The grand old Duke of York
He had ten thousand men
He marched them up to the top of the hill
And he marched them down again.
– British nursery rhyme
Frederick Augustus, the Duke of York, is widely remembered as an absurd figure mocked in a nursery rhyme. It’s an unfortunate way to have immortalised an important commander, who according to military historian Sir John Fortescue did “more for the Army than any one man has done for it in the whole of its history”.
1. A Royal Upbringing
Frederick Augustus was born in 1763, the second son of British King George III. At the time, it was common for second sons of any British noble family to go into the military. Primogeniture meant that they would not inherit any of the family’s lands and power, but money could buy a prominent position in the army, providing income and status for life.
His family, though rulers of Britain, were of Hanoverian descent, and still held territory in Germany. As a result, his early career involved military service in both the British and Hanoverian armies. In 1784, he was made Duke of York and Albany, the Duchy of York often having been granted to the second sons of English monarchs. In 1791, he married a princess from another German royal house – the daughter of Frederick William II of Prussia.
2. A Revolutionary Time
The Duke of York served during a transformative period for armies in Europe. The French revolutions of the 1780s and 1790s led to a series of wars between France and almost every other nation on the continent. The French were eager to spread revolutionary reforms, while neighbouring monarchies wanted to put the genie of republicanism back in the bottle. Once France became an empire under Napoleon I, she continued to fight her neighbours until her armies were finally exhausted in 1815.
This was a war like none that had come before. The combination of egalitarian ideals and an existential threat led the French government to introduce conscription for the first time, fielding armies of unprecedented size. Other nations were forced to increase their own forces to match her. As the same time, Napoleonic strategy and technological advances led to transformations in the ways these armies fought.
The British army, like every army in Europe, had huge changes to deal with.
3. Inspiring the Nursery Rhyme
York’s achievements as a commander were closely tied to the wars with France. Yet his involvement in those wars started inauspiciously.
When war broke out between Britain and France in 1793, York was put in charge of a military expedition to Flanders. He took control of the port of Dunkirk but was then pushed back in a battle at Hondschoote on 6 September. His troops – a mixture of British and Hanoverian forces – performed well but were outnumbered three to one, losing their siege guns during the retreat.
Over the following months, he marched his army back and forth between ineffective minor actions, inspiring the nursery rhyme. Meanwhile, Britain and her allies lost control of Flanders, and in July 1794 York and his troops were evacuated.
In February 1795, Lord Amherst retired as Commander-in-Chief of the British army, and York took his place. The position of Commander-in-Chief was not a permanent one as it is now, nor was it supported by a staff corps. Instead, it was a temporary position, filled in times of war. The Commander-in-Chief did not have total control of the army, but shared responsibility with other officials and ministers – the engineers and artillery were never under York’s control.
York saw the need to reform the army in response to changing times. And so, despite the complicated tangle of authority and the need to carefully negotiate many changes, he set about turning the British army into something more modern.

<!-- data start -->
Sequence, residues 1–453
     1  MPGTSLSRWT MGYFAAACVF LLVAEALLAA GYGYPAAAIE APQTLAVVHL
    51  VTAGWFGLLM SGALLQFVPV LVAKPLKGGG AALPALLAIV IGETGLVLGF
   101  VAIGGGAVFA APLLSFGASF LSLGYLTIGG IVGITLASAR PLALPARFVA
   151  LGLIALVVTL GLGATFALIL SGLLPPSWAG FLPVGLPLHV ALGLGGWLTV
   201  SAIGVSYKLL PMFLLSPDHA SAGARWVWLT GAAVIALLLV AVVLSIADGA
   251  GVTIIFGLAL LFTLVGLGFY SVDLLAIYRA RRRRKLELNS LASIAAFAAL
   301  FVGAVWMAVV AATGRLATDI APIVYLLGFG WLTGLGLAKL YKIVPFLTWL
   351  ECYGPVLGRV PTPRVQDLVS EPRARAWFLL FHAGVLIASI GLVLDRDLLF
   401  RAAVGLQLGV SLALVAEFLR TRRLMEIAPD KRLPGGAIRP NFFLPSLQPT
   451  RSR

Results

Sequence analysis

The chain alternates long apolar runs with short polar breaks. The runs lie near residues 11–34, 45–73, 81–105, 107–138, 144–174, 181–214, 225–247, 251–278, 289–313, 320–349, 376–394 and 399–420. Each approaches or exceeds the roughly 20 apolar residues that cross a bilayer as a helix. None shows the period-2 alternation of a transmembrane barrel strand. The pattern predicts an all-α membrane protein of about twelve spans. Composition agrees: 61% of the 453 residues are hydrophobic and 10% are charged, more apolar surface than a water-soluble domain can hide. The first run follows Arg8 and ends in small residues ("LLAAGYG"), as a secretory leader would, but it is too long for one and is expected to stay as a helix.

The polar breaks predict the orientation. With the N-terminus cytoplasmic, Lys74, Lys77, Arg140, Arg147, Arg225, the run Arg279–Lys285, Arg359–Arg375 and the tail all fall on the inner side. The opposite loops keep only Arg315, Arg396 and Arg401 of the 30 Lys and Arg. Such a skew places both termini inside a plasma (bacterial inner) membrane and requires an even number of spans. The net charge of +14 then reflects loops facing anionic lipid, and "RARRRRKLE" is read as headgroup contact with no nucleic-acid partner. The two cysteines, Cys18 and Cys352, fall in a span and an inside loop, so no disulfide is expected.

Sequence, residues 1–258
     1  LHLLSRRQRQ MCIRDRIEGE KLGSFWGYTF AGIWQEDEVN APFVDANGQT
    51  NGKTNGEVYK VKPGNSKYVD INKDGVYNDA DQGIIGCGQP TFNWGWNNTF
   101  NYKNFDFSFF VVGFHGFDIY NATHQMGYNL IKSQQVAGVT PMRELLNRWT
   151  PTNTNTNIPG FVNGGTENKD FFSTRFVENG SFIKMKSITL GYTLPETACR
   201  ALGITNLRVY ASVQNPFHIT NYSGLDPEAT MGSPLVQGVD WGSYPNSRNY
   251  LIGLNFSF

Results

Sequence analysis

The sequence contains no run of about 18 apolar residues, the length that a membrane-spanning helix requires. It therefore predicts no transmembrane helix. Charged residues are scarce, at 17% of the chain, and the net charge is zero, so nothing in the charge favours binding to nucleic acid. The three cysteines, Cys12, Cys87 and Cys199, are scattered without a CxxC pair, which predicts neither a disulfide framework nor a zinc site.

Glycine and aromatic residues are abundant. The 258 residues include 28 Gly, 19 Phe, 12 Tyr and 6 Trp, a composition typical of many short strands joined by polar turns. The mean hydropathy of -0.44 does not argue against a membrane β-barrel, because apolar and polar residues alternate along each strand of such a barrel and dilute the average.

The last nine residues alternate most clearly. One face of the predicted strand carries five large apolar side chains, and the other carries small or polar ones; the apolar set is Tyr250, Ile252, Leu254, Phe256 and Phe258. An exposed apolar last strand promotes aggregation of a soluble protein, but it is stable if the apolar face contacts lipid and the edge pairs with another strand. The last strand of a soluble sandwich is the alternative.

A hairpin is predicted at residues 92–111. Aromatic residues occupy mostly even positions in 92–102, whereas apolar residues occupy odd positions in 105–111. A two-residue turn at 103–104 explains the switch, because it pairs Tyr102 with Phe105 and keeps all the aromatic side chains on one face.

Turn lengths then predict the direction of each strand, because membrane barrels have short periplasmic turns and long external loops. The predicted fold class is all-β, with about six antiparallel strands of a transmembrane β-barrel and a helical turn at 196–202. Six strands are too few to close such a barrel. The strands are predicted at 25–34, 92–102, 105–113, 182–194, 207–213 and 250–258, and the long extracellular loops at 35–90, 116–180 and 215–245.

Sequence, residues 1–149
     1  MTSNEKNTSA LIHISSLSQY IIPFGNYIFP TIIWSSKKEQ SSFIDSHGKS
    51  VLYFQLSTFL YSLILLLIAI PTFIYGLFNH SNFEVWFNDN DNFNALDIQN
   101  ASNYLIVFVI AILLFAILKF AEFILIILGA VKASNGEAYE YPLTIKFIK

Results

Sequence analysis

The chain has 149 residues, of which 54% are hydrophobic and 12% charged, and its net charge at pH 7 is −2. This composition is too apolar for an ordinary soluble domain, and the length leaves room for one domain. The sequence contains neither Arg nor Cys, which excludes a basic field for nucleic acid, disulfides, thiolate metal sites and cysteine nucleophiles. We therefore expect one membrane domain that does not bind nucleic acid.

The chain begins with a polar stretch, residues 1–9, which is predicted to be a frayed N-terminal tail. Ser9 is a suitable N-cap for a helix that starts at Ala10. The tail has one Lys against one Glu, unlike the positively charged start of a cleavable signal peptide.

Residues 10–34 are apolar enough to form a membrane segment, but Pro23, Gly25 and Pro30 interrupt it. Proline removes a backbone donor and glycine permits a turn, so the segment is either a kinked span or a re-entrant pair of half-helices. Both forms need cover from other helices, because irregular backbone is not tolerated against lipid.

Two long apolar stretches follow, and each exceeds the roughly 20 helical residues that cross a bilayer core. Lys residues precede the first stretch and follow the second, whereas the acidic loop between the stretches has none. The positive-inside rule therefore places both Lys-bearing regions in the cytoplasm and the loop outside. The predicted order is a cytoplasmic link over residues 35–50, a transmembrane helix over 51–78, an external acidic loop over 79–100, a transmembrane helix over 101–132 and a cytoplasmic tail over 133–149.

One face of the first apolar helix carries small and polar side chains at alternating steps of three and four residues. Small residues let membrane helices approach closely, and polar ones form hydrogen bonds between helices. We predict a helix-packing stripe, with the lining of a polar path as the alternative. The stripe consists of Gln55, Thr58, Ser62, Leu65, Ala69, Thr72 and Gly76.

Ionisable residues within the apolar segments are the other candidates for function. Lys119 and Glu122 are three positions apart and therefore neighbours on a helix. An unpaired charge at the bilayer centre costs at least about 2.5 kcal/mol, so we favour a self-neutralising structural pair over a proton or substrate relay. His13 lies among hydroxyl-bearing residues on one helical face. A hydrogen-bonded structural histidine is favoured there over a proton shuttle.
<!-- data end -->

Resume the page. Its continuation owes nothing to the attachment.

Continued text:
5. The Army’s Problems
The British army of the 1790s faced two fundamental problems – coping with sudden growth, and a lack of professionalism among the officers.
The growth problem came from the sudden onset of war, and from the way the army was usually maintained. Britain had a long tradition of distrusting standing armies, and so tried to keep the number of soldiers down during times of peace. The eruption of war with France had meant swift expansion just to create a war-worthy force, never mind to match the numbers of France’s conscript armies. Old units were reformed and 30 new regiments were created in quick succession. It was a lot for a small establishment to deal with.
Tradition was also responsible for the officer problem. Officer positions were bought and sold rather than being granted to the most worthy men. The officers were, therefore, men from wealthy aristocratic backgrounds like York himself, but often without his military experience or competence.
6. York’s Solutions
York brought a great deal of personal energy, military experience and administrative skill to the position of Commander-in-Chief.
In dealing with the vast number of recently recruited soldiers, he sought to make conditions more bearable, reducing the strain of running a large, demoralized force. Rations and barracks were improved and the penal code was made less brutal. Standard drills and manoeuvres were introduced, allowing men to be trained more quickly and soldiers from different units to better fight together.
He reined in the worst elements of commission purchasing. The number of free commissions was increased, allowing more men of talent but low wealth to become officers. Certain ranks could no longer be bought without proven military experience. A Military College was set up to train officers.
7. Scorn and Accolades
In 1809, York was forced to resign following a public scandal around his mistress. He soon returned to his post and continued his program of reform. In 1815, Parliament publically recognised his outstanding service in reforming the army when reform was most needed.
David Chandler and Ian Beckett (eds) (1994), The Oxford History of the British Army.